My framework for new funds is very similar in some basic respects to the structure of today’s exchange-traded funds. The idea that the ETF has some advantages over the conventional mutual fund is supported by the fact that it took U.S. ETFs less than 12 years to attract over $226 billion in assets. Conventional mutual funds needed more than 66 years to accumulate as much. Certain features of the existing index ETFs need to be modified or, more accurately, generalized to accommodate a wider variety of funds and to overcome some of the weaknesses that are apparent in the existing index ETFs. Some of the features I propose for the new fund structure are closely linked. They clearly work best if adopted as a package. Other features might be as readily implemented separately or as part of a different set of fund procedures.
I begin by describing what I believe are the three most important problems with mutual funds. The features of the new funds that I will emphasize address these problems. While my description of solutions outlines most of the major structural features of the new funds, a number of features will be barely touched upon or omitted to keep the topic manageable. Whatever the final shape of the funds that emerge from a series of changes likely to happen over the next 5-10 years, the result will be a more flexible investment management structure that meets the needs of a wider range of individual and institutional investors better than any fund structure currently available.
Updates of the material from this presentation appear in many chapters of The Exchange-Traded Funds Manual, 2nd Edition, see especially Chapters 1, 5, 6 and 7.
Capital Gains Overhang Few investors fully appreciate the significance of the tax efficiency that the exchange-traded fund (ETF) structure provides. The table offers an arresting comparison of the capital gains tax status of the Vanguard 500 mutual fund and the SPDR ETF, two funds tracking the S&P 500 index that have been in existence for a number of years – over 12 years for the SPDR and over 25 years for the Vanguard 500. Both funds have had high rates of asset growth in a generally rising equity market. To make the comparisons as clear as possible, the relationships in the table are stated as percentages, with each fund’s net assets set at 100%.
An update of the SPDR/Vanguard 500 tax efficiency comparison appears in Chapter 4 of the The Exchange-Traded Funds Manual, 2nd Edition, but the transformation of the Vanguard 500 into a partial ETF reduces the applicability of that specific comparison. The difference in tax efficiency between most ETFs and mutual funds remains an important issue, however.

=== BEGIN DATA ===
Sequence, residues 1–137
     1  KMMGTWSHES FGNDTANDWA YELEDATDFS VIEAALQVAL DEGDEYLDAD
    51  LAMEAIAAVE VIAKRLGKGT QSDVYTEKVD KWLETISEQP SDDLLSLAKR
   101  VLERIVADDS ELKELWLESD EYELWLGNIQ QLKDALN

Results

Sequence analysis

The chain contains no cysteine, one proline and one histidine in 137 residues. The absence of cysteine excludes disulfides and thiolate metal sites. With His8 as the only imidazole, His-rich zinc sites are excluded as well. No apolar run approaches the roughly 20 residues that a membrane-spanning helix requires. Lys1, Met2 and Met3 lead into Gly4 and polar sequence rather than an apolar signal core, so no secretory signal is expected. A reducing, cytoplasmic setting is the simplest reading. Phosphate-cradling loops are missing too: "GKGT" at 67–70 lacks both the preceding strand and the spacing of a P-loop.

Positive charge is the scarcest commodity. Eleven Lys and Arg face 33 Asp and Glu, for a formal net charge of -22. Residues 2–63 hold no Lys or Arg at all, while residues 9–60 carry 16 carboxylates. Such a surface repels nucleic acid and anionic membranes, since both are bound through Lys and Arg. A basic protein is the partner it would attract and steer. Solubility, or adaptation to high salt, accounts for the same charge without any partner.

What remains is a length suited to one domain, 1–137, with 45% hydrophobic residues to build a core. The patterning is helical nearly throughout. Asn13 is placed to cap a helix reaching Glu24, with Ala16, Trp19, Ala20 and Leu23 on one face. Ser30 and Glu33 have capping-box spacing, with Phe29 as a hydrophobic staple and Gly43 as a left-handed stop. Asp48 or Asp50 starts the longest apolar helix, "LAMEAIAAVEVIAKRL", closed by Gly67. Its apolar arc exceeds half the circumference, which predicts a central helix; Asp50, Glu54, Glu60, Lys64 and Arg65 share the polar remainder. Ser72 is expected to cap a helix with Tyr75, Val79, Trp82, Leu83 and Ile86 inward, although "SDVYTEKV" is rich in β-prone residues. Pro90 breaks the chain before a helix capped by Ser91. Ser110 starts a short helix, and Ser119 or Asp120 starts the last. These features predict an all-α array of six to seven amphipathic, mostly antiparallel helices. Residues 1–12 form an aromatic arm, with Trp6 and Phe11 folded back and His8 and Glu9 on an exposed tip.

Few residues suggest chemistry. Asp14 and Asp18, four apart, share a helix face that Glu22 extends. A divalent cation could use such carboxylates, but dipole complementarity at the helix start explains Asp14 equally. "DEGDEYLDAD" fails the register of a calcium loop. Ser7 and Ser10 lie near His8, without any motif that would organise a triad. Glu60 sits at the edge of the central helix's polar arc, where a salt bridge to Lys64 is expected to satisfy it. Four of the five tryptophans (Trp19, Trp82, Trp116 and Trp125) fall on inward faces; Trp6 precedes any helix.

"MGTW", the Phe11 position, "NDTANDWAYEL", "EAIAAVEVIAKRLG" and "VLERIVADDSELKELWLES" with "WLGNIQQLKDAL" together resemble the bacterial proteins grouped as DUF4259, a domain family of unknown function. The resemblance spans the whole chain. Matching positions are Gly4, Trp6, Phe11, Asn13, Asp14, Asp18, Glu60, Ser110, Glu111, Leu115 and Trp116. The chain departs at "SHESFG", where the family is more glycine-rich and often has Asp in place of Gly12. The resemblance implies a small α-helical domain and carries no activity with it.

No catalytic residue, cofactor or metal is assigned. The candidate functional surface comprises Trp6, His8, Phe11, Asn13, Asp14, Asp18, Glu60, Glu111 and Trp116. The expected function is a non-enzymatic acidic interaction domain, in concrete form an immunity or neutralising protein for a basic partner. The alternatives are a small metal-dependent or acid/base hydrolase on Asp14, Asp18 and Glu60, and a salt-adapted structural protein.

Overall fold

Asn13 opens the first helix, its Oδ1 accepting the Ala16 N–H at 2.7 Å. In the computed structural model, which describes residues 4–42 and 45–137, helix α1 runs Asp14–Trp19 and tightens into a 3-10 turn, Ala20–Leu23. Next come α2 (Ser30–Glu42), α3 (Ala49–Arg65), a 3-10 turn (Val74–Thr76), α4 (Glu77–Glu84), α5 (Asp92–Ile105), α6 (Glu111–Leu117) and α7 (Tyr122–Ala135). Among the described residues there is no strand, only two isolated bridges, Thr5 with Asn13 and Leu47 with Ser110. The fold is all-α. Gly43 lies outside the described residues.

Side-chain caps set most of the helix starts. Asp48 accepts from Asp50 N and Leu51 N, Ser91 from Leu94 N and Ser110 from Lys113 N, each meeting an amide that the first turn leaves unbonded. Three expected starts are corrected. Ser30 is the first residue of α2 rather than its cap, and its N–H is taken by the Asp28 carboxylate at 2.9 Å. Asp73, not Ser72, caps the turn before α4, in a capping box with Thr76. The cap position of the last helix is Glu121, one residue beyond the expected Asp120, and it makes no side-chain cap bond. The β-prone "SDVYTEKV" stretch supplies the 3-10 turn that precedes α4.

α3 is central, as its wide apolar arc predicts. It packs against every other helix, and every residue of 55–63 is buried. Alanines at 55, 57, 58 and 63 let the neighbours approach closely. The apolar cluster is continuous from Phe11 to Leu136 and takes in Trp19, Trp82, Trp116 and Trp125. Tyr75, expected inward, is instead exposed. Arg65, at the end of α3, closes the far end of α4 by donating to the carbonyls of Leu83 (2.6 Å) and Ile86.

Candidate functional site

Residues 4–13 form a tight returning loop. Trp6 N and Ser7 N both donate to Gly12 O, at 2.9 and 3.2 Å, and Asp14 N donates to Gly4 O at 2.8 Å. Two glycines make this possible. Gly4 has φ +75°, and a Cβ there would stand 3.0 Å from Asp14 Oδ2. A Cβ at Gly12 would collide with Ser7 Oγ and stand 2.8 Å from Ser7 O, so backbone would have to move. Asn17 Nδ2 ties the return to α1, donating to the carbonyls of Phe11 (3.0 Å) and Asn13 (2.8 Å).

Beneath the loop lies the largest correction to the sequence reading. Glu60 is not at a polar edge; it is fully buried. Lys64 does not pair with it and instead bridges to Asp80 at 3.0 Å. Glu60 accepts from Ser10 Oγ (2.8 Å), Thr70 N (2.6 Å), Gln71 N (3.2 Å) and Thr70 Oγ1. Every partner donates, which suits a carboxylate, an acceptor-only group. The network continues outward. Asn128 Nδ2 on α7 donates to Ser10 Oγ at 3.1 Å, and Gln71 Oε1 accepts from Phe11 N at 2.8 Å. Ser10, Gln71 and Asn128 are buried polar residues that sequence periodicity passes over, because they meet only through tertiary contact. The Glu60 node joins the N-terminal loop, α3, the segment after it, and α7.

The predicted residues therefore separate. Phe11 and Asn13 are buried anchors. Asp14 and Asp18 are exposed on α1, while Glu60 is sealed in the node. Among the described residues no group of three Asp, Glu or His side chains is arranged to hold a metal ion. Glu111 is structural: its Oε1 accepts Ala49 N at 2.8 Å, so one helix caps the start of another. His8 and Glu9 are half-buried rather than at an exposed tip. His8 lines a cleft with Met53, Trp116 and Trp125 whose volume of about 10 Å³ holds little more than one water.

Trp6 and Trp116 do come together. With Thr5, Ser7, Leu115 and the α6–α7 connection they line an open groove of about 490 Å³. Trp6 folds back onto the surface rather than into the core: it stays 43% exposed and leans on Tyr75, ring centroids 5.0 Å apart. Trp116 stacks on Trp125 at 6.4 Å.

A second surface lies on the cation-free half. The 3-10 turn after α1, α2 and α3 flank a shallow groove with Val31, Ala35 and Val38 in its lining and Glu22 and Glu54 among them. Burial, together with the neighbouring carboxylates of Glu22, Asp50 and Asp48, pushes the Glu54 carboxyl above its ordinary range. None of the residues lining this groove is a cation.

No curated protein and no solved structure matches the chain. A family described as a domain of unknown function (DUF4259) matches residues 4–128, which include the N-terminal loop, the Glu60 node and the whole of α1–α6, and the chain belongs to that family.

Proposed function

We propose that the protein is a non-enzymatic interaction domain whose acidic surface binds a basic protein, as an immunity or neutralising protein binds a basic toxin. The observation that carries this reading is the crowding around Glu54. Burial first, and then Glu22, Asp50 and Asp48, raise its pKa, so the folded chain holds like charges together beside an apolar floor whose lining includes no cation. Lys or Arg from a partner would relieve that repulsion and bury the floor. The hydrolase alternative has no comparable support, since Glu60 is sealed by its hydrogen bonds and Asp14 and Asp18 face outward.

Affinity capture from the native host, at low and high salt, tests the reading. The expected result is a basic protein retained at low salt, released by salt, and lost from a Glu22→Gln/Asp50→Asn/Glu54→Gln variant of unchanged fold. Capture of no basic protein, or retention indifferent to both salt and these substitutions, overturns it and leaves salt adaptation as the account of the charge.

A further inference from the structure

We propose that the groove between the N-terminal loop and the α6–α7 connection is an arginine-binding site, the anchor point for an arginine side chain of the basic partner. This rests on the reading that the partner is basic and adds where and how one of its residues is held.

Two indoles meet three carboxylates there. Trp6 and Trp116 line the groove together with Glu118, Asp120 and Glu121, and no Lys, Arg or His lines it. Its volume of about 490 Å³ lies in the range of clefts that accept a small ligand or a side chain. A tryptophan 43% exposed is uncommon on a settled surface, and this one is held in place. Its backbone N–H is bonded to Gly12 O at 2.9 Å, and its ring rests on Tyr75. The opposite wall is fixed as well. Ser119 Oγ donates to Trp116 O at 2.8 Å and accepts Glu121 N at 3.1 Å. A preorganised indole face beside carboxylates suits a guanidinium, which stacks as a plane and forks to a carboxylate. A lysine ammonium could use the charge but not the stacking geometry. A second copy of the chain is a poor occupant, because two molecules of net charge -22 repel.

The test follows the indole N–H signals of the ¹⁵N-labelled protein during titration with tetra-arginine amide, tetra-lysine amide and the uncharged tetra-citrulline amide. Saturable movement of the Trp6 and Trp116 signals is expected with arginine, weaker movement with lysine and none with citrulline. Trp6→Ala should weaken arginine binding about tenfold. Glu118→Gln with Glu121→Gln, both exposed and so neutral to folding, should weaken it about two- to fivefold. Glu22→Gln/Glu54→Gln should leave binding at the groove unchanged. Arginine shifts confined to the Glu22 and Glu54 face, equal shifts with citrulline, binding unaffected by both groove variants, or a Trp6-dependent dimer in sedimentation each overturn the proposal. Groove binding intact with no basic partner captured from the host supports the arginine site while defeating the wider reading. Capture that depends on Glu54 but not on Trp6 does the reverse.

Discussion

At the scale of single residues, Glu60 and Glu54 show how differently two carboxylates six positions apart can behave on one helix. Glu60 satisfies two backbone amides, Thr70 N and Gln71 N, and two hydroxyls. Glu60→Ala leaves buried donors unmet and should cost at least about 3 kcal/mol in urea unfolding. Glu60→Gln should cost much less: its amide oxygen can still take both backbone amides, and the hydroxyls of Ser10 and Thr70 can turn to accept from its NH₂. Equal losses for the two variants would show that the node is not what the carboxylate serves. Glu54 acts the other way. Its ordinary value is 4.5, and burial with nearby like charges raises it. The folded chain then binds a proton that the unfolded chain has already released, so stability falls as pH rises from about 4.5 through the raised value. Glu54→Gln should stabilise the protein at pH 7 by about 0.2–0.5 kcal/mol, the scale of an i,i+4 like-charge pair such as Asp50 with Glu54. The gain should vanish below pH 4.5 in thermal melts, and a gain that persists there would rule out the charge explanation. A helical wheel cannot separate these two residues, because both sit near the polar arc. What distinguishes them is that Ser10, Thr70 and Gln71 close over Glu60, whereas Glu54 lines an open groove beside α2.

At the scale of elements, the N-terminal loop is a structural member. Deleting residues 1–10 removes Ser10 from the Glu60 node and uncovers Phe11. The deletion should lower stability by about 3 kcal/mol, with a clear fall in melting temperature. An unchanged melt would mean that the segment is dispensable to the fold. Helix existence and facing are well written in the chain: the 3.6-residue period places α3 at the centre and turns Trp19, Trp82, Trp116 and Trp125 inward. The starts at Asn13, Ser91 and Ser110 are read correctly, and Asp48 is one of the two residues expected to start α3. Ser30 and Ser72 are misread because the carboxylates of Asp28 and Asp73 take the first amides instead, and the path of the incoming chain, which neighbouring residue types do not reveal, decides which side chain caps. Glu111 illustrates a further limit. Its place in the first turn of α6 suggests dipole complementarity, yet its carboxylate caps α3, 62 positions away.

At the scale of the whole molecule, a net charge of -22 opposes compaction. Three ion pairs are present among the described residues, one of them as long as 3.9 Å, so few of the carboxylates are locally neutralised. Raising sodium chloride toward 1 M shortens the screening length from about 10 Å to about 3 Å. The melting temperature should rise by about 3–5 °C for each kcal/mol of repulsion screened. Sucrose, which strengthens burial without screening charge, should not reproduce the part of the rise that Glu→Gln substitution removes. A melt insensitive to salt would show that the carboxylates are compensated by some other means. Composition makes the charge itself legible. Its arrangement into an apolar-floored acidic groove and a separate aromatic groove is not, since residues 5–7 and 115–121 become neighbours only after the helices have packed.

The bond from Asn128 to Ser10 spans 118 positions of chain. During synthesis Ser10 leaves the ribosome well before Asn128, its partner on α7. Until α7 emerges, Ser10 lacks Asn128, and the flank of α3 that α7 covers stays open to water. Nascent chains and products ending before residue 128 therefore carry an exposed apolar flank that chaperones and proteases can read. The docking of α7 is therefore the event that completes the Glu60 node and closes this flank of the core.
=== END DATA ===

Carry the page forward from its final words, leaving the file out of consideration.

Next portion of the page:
From a presentation at the Brookings Institution; a revised version was published in Fuchita and Litan, New Financial Instruments and Institutions, (2007) and has been anthologized elsewhere.
One of the best examples of serendipity in the financial markets – from several angles – is the early development of exchange-traded funds. In attributing some features of exchange-traded funds to serendipity, we certainly do not mean to minimize the role of the developers of the early exchange-traded funds. They deserve full credit for the wisdom they displayed in designing the ETFs introduced in Canada and the United States. Our focus is on the interaction of serendipity and financial engineering in the development of some important elements of the exchange-traded fund structure. Some key features became part of the ETF almost by accident, but they are so important that they serve as the basis for revolutionary financial engineering to reshape the U.S. fund industry. Co-authored by Todd J. Broms.
See The Exchange-Traded Funds Manual, 2nd Edition, Chapters 1 and 5 for updated information on the topics addressed in this paper.
Results from several major studies of index composition changes indicate that trading transparency accounts for more than half of the market impact cost of composition changes in two of the most popular U.S. indexes. The growth of transparent custom index ETFs and the expected introduction of transparent trading in actively managed ETFs will increase investor exposure to trading transparency costs. Fortunately, researchers will be able to quantify the performance penalty from trading transparency.
An updated version of this paper appeared in the Journal of Portfolio Managment, Fall 2008, pp. 72-81, and some of the analysis is extended in The Exchange-Traded Funds Manual, 2nd Edition, Chapter 5.